Sharad Mathur

Tipping Point Leader

Sharad Mathur

JK Tripathy

We read news reports of young IPS officers being murdered for vested interests which were getting hurt in the line of their duty. There are so many reports of them getting transferred and sent on punishment postings that they do not even register in our minds. It takes an attack of 26/11’s magnitude to wake the nation up to the fact that there were over 3,00,000 vacancies in the constabulary that needed to be filled. On the first anniversary of 2008 Mumbai attacks, the then home minister P Chidambaram had committed to providing ‘proper weapons, proper training, and proper uniforms’ to the policemen. Over half a decade later a lot remains to be desired when RK Raghavan, a former director of Central Bureau of Investigation and a veteran of the Indian Police Services, in one of his columns for the Frontline writes, ”The obstacles to honest, professional and efficient policing in the Indian context are enormous”.

In face of these obstacles some crack; a young police officer, an acquaintance of mine and alumnus of the prestigious REC Hamirpur, gave up in the first year of his deployment citing pressures – legitimate and otherwise – he was flooded with.  In spite of these obstacles, many outstanding police officers of Indian Police force are dedicatedly serving the nation and its one and a quarter billion people. One such officer is Jalad Kumar Tripathy, a recipient of the Prime Minister’s Award for Excellence in Public Administration in 2008.

Talking to him about his achievements, I could never, in a conversation spanning over one hour 30 minutes, sense even an inkling of hubris. I asked for the stories of his success and he made sure to also mention the one failure he had in Chennai where stones were pelted at the American consulate. I asked him what did ‘he’ do to earn the success and he made sure to tell me about how it was a collective effort that succeeded. I probed for a complex policing model and he left me with a simple policing philosophy that rests on two powerful ideas: serving the community and reforming the criminals.

Serving the Community: Case of Trichy Community Policing

Located 322 kilometres south of Chennai, the ancient city of Trichy (now called Tiruchirapalli) has a population of 7.5 lakh, constituted in equal parts with followers of three major religions — Hinduism, Islam and Christianity. This diversity, as many have experienced in the past, can cause severe headaches for the law enforcement agencies.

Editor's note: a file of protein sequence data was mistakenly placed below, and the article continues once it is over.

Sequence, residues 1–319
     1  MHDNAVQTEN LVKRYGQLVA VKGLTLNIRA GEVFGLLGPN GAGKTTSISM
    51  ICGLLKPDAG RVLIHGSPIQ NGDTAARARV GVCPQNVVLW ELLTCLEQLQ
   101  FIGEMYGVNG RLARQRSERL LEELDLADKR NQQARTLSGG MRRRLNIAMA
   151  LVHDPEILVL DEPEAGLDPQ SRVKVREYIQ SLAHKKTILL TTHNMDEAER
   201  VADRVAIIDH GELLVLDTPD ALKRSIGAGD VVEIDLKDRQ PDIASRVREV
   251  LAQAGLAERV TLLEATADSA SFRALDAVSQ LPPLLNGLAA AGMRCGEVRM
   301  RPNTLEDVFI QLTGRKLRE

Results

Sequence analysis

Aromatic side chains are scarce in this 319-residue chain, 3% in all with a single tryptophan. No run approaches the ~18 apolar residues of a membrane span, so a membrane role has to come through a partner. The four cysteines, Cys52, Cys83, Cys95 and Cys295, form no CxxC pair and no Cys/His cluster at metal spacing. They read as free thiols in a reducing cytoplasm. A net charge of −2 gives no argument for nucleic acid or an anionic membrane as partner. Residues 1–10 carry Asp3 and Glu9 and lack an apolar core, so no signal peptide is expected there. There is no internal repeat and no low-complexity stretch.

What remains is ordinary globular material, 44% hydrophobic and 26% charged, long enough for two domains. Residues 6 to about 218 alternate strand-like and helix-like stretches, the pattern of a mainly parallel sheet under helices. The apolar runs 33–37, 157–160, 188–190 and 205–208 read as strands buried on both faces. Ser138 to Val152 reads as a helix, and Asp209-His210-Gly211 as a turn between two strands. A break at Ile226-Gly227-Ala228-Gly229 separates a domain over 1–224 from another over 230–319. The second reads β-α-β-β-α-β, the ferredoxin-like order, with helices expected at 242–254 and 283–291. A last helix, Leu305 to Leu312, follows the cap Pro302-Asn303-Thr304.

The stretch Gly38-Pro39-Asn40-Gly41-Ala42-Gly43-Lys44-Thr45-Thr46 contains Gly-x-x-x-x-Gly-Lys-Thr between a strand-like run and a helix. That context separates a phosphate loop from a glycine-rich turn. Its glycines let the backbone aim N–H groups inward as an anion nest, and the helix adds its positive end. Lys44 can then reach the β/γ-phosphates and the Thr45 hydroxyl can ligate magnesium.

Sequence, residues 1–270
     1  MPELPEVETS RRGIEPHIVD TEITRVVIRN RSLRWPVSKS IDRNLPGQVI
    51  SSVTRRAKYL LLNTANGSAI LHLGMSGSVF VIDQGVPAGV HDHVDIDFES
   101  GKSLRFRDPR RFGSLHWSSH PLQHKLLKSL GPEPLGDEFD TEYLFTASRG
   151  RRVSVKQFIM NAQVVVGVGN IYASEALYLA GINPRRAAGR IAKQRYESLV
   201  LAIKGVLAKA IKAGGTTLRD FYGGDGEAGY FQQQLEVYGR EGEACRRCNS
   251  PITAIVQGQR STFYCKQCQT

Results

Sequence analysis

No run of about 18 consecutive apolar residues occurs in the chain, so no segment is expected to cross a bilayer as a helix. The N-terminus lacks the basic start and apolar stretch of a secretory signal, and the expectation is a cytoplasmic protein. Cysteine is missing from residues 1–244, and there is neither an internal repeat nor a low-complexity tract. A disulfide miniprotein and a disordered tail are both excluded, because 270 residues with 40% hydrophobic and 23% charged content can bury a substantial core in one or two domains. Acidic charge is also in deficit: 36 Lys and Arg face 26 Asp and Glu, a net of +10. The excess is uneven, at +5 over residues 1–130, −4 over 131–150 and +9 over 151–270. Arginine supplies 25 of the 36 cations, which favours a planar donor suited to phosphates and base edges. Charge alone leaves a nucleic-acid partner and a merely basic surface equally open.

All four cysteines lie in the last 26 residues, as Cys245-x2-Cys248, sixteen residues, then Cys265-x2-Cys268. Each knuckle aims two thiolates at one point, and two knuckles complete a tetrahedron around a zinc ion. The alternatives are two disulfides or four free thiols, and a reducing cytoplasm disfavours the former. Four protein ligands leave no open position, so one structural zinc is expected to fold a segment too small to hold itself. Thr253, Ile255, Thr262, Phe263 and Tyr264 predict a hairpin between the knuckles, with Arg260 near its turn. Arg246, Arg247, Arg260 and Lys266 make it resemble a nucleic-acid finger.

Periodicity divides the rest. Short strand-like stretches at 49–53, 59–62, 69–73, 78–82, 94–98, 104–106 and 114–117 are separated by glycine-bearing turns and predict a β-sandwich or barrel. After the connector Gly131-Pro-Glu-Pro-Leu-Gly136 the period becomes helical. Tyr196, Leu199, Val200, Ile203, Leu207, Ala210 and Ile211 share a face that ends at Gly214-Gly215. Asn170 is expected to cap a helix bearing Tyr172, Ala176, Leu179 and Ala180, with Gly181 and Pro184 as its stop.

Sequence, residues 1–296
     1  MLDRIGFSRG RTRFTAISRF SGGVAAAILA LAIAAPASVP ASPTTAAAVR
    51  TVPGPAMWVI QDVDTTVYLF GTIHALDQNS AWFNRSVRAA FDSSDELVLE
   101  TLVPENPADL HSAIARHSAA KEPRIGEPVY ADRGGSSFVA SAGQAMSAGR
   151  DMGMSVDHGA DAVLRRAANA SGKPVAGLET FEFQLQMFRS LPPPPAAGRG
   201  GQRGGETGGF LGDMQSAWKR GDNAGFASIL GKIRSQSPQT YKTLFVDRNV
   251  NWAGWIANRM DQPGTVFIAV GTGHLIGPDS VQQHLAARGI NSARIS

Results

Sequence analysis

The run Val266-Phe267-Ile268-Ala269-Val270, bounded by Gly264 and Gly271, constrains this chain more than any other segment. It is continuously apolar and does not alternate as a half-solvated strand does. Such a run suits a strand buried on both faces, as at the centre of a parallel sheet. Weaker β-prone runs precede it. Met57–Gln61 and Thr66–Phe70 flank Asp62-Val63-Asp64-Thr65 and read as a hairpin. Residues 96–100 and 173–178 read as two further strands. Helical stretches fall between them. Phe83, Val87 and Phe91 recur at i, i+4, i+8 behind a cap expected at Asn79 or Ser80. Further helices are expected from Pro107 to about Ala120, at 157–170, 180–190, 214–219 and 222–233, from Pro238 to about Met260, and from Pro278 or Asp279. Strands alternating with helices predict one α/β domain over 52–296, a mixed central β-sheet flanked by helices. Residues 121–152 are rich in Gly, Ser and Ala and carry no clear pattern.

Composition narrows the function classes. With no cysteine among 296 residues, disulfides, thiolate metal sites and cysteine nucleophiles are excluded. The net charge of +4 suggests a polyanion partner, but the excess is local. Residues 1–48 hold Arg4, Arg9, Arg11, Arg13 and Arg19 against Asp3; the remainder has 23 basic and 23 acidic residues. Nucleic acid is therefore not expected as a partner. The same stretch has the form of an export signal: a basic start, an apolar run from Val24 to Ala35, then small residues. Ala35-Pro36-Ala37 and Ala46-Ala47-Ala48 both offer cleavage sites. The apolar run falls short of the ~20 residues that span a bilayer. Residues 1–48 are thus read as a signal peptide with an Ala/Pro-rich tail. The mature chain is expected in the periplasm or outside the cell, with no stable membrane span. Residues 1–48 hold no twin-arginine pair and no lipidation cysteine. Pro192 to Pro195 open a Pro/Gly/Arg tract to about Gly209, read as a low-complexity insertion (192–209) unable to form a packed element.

The year was 1999, the new Commissioner of Police, JK Tripathy, had just joined, and it could not have been a worse time for the new police chief to take over the reins of the city. Communal passions were flared up with the blood of a slain Hindu front leader, bombs were being planted in police establishments, and a senior police officer was attacked with a grenade. People’s confidence in the police force was depleting fast, which resulted in feeble community support for the policemen. It was the steepest challenge of JK Tripathy’s career and he lived up to it with dexterity.

All communally charged and other crimes are led by a few criminals who lurk amongst common people of their locality. The police normally finds it difficult to identify and nab them, partially because it fails to leverage the support of local community. Resorting to coercion to win that support in the long run has adverse results. In Tiruchirapally, the problem was that while the criminals, however bad, were still the part of the local community, the policemen were not. In response to that, JK Tripathy ushered in the philosophy of community policing which involved crime prevention with community support – community policing. The tool Tripathy chose to implement the idea of community policing was the Beat Officers system which had seen success in many parts of the world; most prominent one being Japanese Kōban, which is a small neighbourhood police building within the community.

Tiruchirapalli was divided into 57 beat zones, with an approximate population of 12,000 each. Each beat was manned by four constables who were to remain dedicated to their beat alone. They functioned from Police Assistance Centres (PACs), and not their respective police stations. These constables were called Beat Officers, and JK Tripathy by design, added the ‘officer’ tag to help empower them to take independent decisions. At the same time, he made it absolutely clear to them that they were to be first accountable to the community in their beat and set a high standard of service.

JK Tripathy tells us, “For the Beat Officer System to succeed, it was crucial to win the trust and goodwill of the community. In my previous assignments, I had learnt that the most effective way to do that is to first serve the community by solving civic issue. Yes, it is not technically policing work, but once you do that, you will get a no-holds-barred support from the people.” That is what his men did. The Beat Officers started with resolving civic issues. They got streetlights fixed, ensured drinking water supply was on time, and even went to the extent of calling a mechanic if a senior citizen or lady, alone at home, needed a one.